Leaders in student success know that the number of college students experiencing basic needs insecurity is much higher than the general public would expect. A recent national survey of college students conducted by the Hope Center for College, Community, and Justice found that 45% of respondents had been food insecure in the previous 30 days, and 56% had been housing insecure in the last year. The same survey found that rates of basic needs insecurity are consistently higher among marginalized populations, including students of color, first-generation college students, former foster youth, students who have been convicted of a crime, and PELL grant recipients.
Institutions across the country have invested in creating structures that support students’ basic needs by launching food pantries, community kitchens, providing childcare, mental and physical healthcare services, financial assistance, and transportation to bridge this gap and provide a foundation of basic needs security. However, the COVID-19 pandemic has strained structures that students rely upon to support their basic needs, putting students at significant risk physically, mentally, and academically.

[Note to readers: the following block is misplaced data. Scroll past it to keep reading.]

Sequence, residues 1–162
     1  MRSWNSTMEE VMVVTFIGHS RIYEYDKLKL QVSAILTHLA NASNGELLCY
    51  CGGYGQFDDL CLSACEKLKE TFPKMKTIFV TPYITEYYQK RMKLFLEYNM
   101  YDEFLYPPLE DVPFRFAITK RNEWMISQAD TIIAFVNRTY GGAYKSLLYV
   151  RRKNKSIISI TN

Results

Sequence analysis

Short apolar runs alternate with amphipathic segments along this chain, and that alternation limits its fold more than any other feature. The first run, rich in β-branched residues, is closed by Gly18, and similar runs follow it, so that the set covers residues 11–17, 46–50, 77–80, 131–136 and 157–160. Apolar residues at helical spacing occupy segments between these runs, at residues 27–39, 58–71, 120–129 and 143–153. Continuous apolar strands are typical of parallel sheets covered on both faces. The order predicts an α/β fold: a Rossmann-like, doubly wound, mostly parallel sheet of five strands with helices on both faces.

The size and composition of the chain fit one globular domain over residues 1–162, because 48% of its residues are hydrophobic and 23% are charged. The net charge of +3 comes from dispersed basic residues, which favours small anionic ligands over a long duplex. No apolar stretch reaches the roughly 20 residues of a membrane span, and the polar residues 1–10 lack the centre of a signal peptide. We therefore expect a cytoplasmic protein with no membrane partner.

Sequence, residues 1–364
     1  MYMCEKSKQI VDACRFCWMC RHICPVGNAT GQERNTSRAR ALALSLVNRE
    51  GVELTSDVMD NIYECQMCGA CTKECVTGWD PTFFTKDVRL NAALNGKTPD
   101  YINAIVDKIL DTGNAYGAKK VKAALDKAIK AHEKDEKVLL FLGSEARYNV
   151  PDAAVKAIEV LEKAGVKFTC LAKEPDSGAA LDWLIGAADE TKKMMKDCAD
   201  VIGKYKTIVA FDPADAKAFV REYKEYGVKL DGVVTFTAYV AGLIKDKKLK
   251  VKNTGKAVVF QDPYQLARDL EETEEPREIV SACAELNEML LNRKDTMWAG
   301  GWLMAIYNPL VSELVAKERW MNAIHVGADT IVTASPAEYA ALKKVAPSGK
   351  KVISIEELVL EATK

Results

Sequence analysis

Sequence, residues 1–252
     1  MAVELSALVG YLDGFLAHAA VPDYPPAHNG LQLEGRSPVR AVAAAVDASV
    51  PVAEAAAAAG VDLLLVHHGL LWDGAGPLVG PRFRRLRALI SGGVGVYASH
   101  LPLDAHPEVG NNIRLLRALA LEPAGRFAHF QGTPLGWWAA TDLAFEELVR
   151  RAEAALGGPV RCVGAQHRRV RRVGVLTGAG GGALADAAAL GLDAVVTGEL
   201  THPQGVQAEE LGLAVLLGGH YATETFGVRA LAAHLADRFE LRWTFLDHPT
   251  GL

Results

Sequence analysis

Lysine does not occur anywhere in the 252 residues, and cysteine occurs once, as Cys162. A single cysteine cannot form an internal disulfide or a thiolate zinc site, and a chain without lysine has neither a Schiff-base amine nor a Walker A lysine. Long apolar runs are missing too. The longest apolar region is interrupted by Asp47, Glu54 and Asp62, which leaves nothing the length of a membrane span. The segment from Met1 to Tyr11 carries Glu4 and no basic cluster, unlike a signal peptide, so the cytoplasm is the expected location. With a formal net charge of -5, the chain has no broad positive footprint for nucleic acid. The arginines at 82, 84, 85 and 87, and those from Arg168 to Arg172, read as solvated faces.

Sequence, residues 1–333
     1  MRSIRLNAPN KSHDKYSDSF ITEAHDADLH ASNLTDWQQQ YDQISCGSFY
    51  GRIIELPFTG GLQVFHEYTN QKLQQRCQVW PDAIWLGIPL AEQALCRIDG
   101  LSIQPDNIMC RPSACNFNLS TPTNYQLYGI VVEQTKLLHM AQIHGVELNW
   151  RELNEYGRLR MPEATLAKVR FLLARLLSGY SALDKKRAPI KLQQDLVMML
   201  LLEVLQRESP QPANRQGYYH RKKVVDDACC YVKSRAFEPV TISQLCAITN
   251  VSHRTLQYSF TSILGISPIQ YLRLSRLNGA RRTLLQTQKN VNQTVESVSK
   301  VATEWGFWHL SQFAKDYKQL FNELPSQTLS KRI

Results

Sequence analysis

USU recently convened university leaders in student affairs, academic affairs, student success, student health, and wellness to listen, learn and discuss strategies for continuing to support students’ basic needs during this time and into the future. Strategies discussed included:
Proactive outreach to students (through calls and surveys) to identify their most immediate needs
Using technology to develop online ordering systems for food pantries and partnering with local business to deliver food to students
Conducting webinars with community donors to increase funding for emergency aid grants and developing innovative systems to deliver funds quickly using apps
Below are resources to support the development and expansion of programming to address students’ basic needs: